“The basic purport of the statutory provision is to avoid “cruelty” which stands defined by attributing a specific statutory meaning attached thereto as noticed hereinbefore. Two specific instances have been taken note of in order to ascribe a meaning to the word “cruelty” as is expressed by the legislatures: whereas Explanation (a) involves three specific situations viz. (i) to drive the woman to commit suicide or (ii) to cause grave injury or (iii) danger to life, limb or health, both mental and physical, and thus involving physical torture or atrocity, in Explanation (b) there is absence of physical injury but the legislature though it fit to include only coercive harassment which obviously as the legislative intent expressed is equally heinous to match the physical injury: whereas one is patent, the other one is latent but equally serious in terms of the provisions of the statute since the same would also embrace the attributes of “cruelty” in terms of Section 498-A.”

Further, the Apex Court in the case of Gurnaib Singh vrs. State of Punjab, (2013) 7 SCC 108, while analyzing the aforesaid provision, has held that Clause (a) of the Explanation to Section 498A IPC defines cruelty to mean “any willful conduct which is of such a nature as is likely to drive the woman to commit suicide”. Clause (b) of the Explanation pertains to unlawful demand and Clause (a) can take in its ambit mental cruelty.

11. Such statutory provisions of first limb of Section 498A of IPC refers to ‘cruelty’ which has nothing to do with demand of dowry. In the present case, as held by the learned trial court, there is no demand of dowry. In fact, there is no such demand embodied in the F.I.R. lodged on that fateful date of occurrence. If the evidence is carefully appreciated, deceased was pained and disturbed for the conduct of harassment of the appellant and his deceased father, the allegation that she allegedly having illicit affairs with one Ramakanta Praharaj prior to her marriage; Whether such a situation would amount to cruelty under the first limb of Section 498A of IPC is to be seen.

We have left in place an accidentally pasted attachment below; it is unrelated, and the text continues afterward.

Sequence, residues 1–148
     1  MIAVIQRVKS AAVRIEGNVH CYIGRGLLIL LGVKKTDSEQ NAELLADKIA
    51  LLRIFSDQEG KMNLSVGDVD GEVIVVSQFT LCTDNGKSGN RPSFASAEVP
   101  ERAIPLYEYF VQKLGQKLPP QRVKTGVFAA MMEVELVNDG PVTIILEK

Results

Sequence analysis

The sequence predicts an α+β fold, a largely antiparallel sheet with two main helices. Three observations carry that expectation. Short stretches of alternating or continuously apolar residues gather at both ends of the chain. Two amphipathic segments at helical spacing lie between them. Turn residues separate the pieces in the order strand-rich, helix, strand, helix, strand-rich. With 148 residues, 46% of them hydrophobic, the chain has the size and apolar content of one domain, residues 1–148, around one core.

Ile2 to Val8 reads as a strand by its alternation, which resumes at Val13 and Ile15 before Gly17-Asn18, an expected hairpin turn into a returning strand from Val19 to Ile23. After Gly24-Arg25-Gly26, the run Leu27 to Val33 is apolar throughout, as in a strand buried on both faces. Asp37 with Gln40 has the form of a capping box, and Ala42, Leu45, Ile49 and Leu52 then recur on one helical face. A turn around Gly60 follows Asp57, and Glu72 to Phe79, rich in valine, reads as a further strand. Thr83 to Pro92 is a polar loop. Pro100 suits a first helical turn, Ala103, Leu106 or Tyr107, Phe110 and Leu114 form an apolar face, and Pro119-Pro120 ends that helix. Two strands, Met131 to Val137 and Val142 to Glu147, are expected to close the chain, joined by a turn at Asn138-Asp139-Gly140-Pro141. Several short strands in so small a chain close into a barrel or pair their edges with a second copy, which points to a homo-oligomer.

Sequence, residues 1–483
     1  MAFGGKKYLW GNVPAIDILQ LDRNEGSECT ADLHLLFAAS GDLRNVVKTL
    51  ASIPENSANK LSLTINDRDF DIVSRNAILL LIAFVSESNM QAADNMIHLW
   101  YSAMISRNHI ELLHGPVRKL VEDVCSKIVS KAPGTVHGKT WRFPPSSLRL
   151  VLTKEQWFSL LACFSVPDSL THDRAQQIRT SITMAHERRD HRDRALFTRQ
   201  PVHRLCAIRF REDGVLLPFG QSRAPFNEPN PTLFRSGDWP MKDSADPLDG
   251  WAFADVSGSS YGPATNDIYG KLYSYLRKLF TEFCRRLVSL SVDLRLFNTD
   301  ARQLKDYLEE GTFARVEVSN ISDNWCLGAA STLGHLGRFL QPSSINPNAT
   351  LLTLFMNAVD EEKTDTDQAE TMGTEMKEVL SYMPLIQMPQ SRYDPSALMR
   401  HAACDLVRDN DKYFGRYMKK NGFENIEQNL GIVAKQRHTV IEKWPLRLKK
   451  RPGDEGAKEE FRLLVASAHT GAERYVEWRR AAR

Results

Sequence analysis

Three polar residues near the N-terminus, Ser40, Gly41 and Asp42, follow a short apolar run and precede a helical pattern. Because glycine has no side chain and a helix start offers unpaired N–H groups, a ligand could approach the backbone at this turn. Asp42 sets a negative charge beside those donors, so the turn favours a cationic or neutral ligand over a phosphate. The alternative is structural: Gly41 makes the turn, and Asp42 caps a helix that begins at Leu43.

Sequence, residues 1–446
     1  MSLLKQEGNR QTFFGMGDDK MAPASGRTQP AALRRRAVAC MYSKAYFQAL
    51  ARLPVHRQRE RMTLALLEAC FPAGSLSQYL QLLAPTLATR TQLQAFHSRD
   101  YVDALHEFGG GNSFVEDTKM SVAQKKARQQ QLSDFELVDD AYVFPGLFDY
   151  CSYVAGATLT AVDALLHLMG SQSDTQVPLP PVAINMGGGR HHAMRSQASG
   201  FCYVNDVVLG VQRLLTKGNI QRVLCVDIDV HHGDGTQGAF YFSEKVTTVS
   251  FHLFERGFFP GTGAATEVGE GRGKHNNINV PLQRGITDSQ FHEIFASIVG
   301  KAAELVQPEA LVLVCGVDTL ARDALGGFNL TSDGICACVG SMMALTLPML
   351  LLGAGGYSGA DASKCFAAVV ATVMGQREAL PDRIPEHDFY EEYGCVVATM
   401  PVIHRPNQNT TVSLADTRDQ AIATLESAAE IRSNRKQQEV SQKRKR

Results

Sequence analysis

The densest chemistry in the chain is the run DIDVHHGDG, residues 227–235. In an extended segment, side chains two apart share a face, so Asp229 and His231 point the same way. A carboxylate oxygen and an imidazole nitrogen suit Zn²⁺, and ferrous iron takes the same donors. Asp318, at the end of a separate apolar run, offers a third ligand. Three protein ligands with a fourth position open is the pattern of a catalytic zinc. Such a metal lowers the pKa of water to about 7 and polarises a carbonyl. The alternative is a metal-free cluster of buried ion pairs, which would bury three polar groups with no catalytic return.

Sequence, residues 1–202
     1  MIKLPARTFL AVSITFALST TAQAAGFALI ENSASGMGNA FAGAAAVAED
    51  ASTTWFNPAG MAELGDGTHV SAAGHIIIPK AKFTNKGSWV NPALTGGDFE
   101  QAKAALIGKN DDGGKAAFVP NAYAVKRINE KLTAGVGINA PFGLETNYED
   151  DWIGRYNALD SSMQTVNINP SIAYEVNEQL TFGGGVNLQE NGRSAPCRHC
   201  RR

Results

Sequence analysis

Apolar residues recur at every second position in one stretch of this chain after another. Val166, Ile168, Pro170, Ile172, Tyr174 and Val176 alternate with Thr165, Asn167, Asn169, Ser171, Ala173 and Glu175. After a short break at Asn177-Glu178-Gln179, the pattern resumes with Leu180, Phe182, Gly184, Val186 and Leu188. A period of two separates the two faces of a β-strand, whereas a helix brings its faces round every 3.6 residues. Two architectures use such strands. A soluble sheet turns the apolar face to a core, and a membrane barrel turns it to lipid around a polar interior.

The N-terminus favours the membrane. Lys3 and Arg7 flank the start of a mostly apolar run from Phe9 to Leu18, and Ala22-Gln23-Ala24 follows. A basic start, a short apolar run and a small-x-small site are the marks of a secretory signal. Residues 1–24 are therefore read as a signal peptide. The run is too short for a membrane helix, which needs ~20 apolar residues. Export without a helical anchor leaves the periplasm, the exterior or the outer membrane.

12. Reverting back to the fact of this case, it is seen that there is no such averment in lengthy F.I.R. where it is only indicated that over “family wear and tear” the appellant and his father used to picked up a quarrel with the deceased and misbehaved her but unable to bear such embarrassment, the deceased took shelter in her parental home for nearly five months whereafter on 17.02.1990 the father of the deceased after long persuasion left her in the matrimonial home where on 18.02.1990 she committed suicide. The learned trial court in paragraph-16 of its judgment relied upon the entries made in a Diary not exhibited during trial reached to an erroneous conclusion that the appellant having regularly teased the deceased alleging, she having premarital relationship with another person, unable to bear such mental cruelty she committed suicide which according to the trial court attracts the mischief of first limb of Section 498-A of IPC. This conclusion is fallacious. Prosecution did not choose to exhibit the Diary even though few pages of Diary were sent to the handwriting expert who under his report, Ext.10 has opined that red enclosed disputed signature stamped by him as Q-1 to Q-4, Q-6 to Q-13 and Q-15 were written by the person who wrote the red enclosed admitted writings marked Exts.A-1 to A-2. However, the defence has exhibited 3 pages of the Diary marked as Exts.A, B and C. Ext.C is said to be the “suicide note” of the deceased which is marked as Q-3 by the handwriting expert where it is written by the deceased that “MO MRUTYU PAIN KEHI DAI NUHANTI”. Ext.A which is marked as Q-2 by the handwriting expert does not in any way attributed any stigma to the appellant where few emotional and sentimental words have been written andsubsequently scored out leaving two lines. Ext.B which is marked as Q-4 is also relates to ‘suicide’ wherein it is also written “MO MRUTYU PAIN KEHI DAI NUHANTI”. However, the learned trial court laid much emphasis on entries made in page- 58, 61, 62 and 63 of the Diary not exhibited by the prosecution or defence, but marked as Q-6, Q-7, Q-8 and Q-10 by the handwriting expert. Otherwise, those entries are mere general remarks of the deceased relating to her life not casting any aspersion on the appellant and his deceased father. It is not known how the trial court has observed that entries made in page-61 and 62 indicates mental torture. One cannot forget that the informant has indicated all such events as ordinary wear and tear of the family as incorporated in the F.I.R. Moreover, all such incriminating materials brought on record by the prosecution as held by the trial court were not brought to the notice of the appellant in his statement recorded under Section 313 of Cr.P.C. Only in Question No.14 of the statement of the appellant recorded under Section 313 of Cr.P.C., it is stated as under :-